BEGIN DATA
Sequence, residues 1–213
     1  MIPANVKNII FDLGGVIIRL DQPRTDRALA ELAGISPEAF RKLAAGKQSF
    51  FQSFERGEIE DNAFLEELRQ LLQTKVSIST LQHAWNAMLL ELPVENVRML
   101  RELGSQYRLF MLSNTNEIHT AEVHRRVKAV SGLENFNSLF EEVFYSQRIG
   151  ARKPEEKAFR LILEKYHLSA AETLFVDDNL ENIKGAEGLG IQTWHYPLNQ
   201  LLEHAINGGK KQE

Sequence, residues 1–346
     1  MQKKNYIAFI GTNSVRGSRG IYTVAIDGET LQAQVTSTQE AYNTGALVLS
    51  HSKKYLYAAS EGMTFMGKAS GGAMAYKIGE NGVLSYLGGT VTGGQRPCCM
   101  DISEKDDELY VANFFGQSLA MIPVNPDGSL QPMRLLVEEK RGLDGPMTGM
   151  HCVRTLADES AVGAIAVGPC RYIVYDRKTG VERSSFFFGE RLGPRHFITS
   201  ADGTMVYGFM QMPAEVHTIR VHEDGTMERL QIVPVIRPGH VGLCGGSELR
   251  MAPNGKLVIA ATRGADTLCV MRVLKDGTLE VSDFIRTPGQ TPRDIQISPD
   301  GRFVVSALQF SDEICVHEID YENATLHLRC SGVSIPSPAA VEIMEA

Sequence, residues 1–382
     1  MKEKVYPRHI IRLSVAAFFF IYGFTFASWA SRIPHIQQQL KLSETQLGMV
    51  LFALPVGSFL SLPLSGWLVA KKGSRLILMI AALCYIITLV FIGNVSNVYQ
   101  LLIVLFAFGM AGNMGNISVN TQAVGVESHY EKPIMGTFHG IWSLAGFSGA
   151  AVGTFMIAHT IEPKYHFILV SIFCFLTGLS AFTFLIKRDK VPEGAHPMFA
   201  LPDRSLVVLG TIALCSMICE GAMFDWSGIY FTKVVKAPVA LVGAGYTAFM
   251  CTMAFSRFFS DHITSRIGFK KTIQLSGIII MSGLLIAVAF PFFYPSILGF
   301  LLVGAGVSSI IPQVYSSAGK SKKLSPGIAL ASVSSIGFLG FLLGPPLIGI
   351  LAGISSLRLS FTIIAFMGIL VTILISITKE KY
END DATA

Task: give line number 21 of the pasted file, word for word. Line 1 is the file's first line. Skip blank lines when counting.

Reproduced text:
   251  CTMAFSRFFS DHITSRIGFK KTIQLSGIII MSGLLIAVAF PFFYPSILGF